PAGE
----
- the identification of the reading order
- efficient alternative description of images
- enriched semantics
- colour contrast
For this project LIA paid particular attention to the editorial work of drafting the alternative descriptions of the images and the graphic work on colours contrast, in order to make the contents and messages conveyed by illustrations understandable to all.
For image description, LIA worked side by side with the publisher to ensure that the tone of voice and the words chosen were in line with the publishers’ and that all relevant information within each page were conveyed through the alt text.
The colour analysis allowed LIA to identify colour contrasts that were not accessible in the first place and identify accessible solutions, in accordance with the publisher.
After working on the content, we moved on to work on the Adobe InDesign page layout software, which is the software that was used to create the print edition of the book. Here LIA focused the work on four main elements:
- Identification of semantic elements through the use of paragraphs and character styles: so you can distinguish not only visually, but also at the code level a title, from the main text, the table of contents, etc.
- Assigning the correct language to the different portions of text: the text was in Italian, but some words were in English, or German
- Inserting alternate text for images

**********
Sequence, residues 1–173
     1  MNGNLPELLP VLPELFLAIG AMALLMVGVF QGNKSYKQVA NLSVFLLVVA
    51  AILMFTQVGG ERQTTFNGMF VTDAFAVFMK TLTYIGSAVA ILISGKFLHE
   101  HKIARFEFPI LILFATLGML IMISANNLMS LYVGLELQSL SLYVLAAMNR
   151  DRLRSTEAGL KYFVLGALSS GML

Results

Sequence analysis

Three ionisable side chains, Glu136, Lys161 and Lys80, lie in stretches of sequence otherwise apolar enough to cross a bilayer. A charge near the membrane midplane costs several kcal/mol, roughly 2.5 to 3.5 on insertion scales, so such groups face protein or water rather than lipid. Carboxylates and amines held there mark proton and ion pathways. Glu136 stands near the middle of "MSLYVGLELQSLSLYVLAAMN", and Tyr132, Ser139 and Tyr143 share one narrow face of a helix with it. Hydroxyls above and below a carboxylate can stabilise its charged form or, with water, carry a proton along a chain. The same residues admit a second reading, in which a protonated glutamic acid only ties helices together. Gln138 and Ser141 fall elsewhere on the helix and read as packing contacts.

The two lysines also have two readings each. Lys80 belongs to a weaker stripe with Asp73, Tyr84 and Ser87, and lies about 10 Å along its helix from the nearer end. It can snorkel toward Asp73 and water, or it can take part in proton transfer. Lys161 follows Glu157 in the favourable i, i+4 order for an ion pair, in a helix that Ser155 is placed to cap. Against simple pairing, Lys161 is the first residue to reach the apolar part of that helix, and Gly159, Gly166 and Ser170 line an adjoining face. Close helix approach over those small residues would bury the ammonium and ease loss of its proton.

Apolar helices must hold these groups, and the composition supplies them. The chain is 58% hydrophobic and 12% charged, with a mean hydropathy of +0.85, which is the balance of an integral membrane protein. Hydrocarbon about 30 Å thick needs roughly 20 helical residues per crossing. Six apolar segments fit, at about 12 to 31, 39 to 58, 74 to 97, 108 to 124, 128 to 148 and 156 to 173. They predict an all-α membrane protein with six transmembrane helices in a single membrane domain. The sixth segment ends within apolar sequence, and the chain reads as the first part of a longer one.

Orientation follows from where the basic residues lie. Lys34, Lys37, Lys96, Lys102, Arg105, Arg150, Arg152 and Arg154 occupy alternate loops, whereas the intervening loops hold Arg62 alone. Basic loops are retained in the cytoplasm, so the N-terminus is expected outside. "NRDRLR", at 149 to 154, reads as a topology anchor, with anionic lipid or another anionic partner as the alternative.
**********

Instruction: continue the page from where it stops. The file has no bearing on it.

- Adaptation of colours in the layout to meet accessibility criteria regarding colour contrast
After doing this work, we realized InDesign does not support the export of semantic tags for EPUB FXL (as it is supported for the export of reflowable EPUBs instead), so we worked with “semantic” CSS classes and set up automatic transformations to turn a non-semantic element, into a semantic element:
We’ve also found that InDesign places each word in a <span> element positioned absolutely on the page. The use of many spans makes reading with screen readers not smooth, so we set up an automatic transformation to merge successive span elements and remove absolute positioning references:
The result was an accessible Fixed Layout EPUB that passes EPUBCheck and Ace by DAISY checks and meets the requirements of Web Content Accessibility Guidelines 2.1 level AA. We also tested the file with some users with disabilities who told us that the user experience was better than an accessible PDF.
Reflowable EPUBs are overall preferable, because they better adapt to the reading needs of users with low vision (enlarging text, changing colours, etc.). This experiment showed that whenever a reflowable EPUB is not feasible, creating a FXL ebook can bring a good level of accessibility especially for those books that are now required to be accessible at the state of the arts.
For the sake of completeness, it is worth adding that one of the additional accessibility requirements related to ebooks set in Session VI of the European Accessibility Act requires ebooks to include dynamic layout and allow flexibility and choice in the presentation of the content; this is not fully fulfilled in the above experiment.
«At Fondazione LIA we are convinced that this prototype represents a major step towards the accessibility of digital books for all and we are very happy that Edizioni Sonda involved us in this project»
commented Gregorio Pellegrino, Chief Accessibility Officer of Fondazione LIA, in charge of the project.
«The 25 stories contained in this book serve as a reminder that, despite our differences, every individual has the right to be who they are. We are glad that, thanks to the collaboration with LIA, girls and boys can browse and read this ebook that means so much to us»
declared Antonio Monaco, publisher of Edizioni Sonda.
The ebook will be soon available in online stores and on LIA catalogue of accessible ebooks: www.catalogo.fondazionelia.org